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Director Chang Cheh reunites the Five Venoms in his second biggest cult hit in the West. It's Lo Meng's most memorable performances whose showdown with fellow Venom Kuo Chue is artistically violent while being graphically artsy.
An evil gang attacks the Chi school of Golden Sword Kung Fu. One student sacrifices his life to save his teacher and his school, his dying wish is that his son be taken in as a student. Young Fang Kang grows up in the school and treasures his father's broken sword and the memory of his father's sacrifice. The other students (including the teacher's daughter) resent him and try to drive him away. The teacher's daughter challenges him to a fight and when he refuses she becomes enraged and recklessly chops off his arm! He retreats, broken and bloody, and is found by a young poor girl living alone who nurses him back to health. Meanwhile, the evil gang who originally attacked the Golden Sword school develops a weapon that renders the Golden Sword useless and starts killing off all of the schools students. Fang Kang eventually recovers with the girl's help but must now face a life with only one arm. Will he be able to recover and live to defend the school as his father did? Written by
Fred Cabral <firstname.lastname@example.org>
Given the bad reputation of Chinese martial arts films in general, plus the undeniable fact that many of these - including this one - use genre conventions originally developed for the popular stage (what has been called "Chinese Opera" is actually more analogous to American Vaudeville), it is only with considerable effort that an admirer if these films can persuade Americans to watch these movies, let alone appreciate them fully. But the point really is, that the directors of these films use what they have to portray the culture in which they live in a manner as completely cinematic as can be found in any national film tradition.
All this is a warm up to this: The One-Armed Swordsman is as masterful a film as Kurosawa Akira's Yojimbo.
I make this specific comparison because each film was made within a genre to which the film contributes genre-shattering innovation, while at the same time maintaining certain essential conventions that keep it safely within the genre. Thus Kurosawa's renegade ronin is a tough, cynical, manipulator of the various villains of the film, in a way even the most tragic hero of the Japanese samurai film (chambara) of the time could never be; nonetheless, he still manages to kill everyone at the end, much like all the other chambara heroes.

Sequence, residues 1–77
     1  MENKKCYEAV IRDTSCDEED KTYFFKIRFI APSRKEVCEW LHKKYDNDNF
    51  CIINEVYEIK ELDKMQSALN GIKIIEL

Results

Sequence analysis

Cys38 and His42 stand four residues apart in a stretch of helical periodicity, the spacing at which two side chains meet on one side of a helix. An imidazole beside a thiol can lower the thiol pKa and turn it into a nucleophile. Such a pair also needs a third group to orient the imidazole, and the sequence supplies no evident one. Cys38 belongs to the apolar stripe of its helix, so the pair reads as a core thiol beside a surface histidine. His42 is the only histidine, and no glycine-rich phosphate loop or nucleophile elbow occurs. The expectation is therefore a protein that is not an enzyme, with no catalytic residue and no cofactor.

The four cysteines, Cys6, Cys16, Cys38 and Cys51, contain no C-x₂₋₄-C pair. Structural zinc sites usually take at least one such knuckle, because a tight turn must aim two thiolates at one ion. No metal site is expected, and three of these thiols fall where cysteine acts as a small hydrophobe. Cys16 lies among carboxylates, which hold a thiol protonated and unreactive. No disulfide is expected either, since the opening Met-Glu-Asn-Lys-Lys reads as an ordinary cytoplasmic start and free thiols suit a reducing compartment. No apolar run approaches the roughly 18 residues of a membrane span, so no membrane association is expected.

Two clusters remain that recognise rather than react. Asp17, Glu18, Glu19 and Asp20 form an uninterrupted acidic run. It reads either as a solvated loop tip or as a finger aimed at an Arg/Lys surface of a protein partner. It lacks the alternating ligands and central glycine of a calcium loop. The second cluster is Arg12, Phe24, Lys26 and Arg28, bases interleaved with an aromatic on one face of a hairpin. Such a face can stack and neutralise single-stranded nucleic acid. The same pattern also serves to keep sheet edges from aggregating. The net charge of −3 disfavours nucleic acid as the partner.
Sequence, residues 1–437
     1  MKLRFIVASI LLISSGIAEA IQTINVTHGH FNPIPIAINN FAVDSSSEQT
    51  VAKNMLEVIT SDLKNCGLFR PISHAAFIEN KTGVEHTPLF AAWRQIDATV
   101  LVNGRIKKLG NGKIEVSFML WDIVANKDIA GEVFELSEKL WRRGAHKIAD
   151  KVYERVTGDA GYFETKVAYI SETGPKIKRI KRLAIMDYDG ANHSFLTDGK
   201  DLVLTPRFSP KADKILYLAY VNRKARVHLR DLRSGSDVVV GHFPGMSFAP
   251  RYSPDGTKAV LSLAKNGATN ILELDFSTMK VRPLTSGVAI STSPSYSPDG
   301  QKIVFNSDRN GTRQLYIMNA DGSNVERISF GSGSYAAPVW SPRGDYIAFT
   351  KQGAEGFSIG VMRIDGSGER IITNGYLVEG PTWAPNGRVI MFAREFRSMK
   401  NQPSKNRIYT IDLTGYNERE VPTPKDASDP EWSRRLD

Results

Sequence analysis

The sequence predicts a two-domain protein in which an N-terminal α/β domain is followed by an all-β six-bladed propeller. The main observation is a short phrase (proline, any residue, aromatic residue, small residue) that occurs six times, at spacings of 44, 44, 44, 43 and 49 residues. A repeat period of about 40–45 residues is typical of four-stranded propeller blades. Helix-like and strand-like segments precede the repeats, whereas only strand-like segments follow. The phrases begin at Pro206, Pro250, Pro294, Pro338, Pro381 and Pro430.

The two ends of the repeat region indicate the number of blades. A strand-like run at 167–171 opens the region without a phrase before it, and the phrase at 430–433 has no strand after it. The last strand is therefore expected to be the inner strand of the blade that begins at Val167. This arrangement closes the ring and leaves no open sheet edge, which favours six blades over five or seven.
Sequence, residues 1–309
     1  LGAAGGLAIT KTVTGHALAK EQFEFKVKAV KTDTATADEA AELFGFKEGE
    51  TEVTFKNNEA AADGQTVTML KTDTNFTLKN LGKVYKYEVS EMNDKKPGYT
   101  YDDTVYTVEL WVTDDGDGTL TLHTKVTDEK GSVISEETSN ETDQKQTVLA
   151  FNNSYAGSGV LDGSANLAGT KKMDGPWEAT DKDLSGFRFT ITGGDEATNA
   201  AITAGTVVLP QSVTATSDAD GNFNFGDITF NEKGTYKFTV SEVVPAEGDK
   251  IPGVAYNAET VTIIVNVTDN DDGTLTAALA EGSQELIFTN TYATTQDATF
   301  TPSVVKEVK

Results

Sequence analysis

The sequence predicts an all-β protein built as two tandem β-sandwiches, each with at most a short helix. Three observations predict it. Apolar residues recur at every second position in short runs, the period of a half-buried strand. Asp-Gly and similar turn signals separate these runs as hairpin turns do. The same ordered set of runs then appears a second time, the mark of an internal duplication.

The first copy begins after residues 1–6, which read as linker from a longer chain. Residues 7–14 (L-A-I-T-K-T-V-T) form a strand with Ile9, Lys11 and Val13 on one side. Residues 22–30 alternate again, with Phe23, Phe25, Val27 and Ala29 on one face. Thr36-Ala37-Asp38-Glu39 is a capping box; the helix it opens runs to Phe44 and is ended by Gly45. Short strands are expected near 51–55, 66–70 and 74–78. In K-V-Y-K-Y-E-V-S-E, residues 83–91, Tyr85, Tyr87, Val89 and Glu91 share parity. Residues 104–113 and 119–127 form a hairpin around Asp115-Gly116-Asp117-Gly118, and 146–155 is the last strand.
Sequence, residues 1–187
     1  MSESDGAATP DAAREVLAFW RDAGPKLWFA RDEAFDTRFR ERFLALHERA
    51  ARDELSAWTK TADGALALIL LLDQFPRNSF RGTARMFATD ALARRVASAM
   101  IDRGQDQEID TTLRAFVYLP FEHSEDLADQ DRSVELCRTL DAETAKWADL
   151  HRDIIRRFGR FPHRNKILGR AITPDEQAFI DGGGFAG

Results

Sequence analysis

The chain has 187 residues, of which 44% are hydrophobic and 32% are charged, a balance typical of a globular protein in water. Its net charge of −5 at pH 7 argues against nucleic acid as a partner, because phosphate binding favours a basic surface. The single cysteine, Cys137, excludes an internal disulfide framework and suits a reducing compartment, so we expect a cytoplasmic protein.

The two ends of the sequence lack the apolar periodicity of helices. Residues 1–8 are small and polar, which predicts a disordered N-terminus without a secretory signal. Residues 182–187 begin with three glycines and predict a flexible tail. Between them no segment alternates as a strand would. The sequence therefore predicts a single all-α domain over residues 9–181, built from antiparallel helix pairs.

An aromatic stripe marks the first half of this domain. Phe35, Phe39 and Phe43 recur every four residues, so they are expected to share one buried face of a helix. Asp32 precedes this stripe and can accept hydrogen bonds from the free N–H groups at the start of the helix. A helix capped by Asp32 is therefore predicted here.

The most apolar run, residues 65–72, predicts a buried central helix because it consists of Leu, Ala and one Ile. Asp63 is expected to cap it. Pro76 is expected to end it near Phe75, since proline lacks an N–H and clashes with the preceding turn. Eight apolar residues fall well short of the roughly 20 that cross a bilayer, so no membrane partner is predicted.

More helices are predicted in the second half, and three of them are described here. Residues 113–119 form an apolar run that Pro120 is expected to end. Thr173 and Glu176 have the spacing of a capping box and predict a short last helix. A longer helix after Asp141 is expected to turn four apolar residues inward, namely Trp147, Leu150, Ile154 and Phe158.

Similarly, Chang Cheh's One-Armed hero follows genre convention by performing super-human feats of skill (like leaving the imprint of his hand on a rock with a single blow), but just as a character, he is completely new.
The typical wu xia film of the time generally had an aristocratic hero; if he had no personal problems to deal with, he always wore white. If he had personal problems, he would drink heavily and dress like a mendicant monk. He was in utter thrall to whatever worthiest female was in his immediate vicinity; his cause was always to uphold the right, protect chastity, and further the well-being of the Chinese people as a whole. His one real defect (as a "type") was that he really liked fighting, which usually got him into trouble with those with similar enjoyments.
Chang Cheh's Feng Kong (as played by Wang Yu in what is his finest role) is not an aristocrat, but an orphaned son of a servant; he doesn't wear white, he wears black; remaining loyal to her father (his former teacher) he grows to hate the young lady who chopped off his arm (I certainly would) and grows attached to the dead warrior's daughter (with whom he sleeps without marriage) only after she has nursed him back to health - but he remains determined to control his own fate nonetheless. The future of the Chinese people doesn't interest him. Eventually, he abjures fighting and goes off to become a farmer.
As can be discovered from various interviews, Chang Cheh, in filming what is still his most completely realized vision, was perfectly aware that he was making such innovations. In fact, in terms of traditional Chinese culture alone, The One-Armed Swordsman comes across as a radical Confucian demand for recognition of merit above social status; and of the need for social stability over and against any desire for personal revenge.
Furthermore, Chang Cheh pulls this off in a manner utterly consistent with the social trends of the 1960s - Feng Kong is portrayed as an "angry young man" - the representative of an entire generation fed up with many of the myths of the old culture to which they have been indoctrinated. He is brazen, energetic, honest, and more than a little suspicious of old prejudices (which have never favored him anyway). And having been told that he was not "born worthy", he sets out to proves that he can learn self-sufficiency without the benefit of institutional education. He doesn't need to start a revolution - he IS a revolution.
Of course, if the general quality of the film as a whole were not utterly top-notch, this message would be meaningless. But the camera-work, supporting performances by the other actors, staging and direction, and most of the editing are all "world-class" - as good as anything coming out of Hollywood that decade, and better than any Hollywood film of the decade's latter half.
Let the genre conventions be what they are, and pay respect to one of the best films of its type - and perhaps one of the finest films ever made, world-wide.
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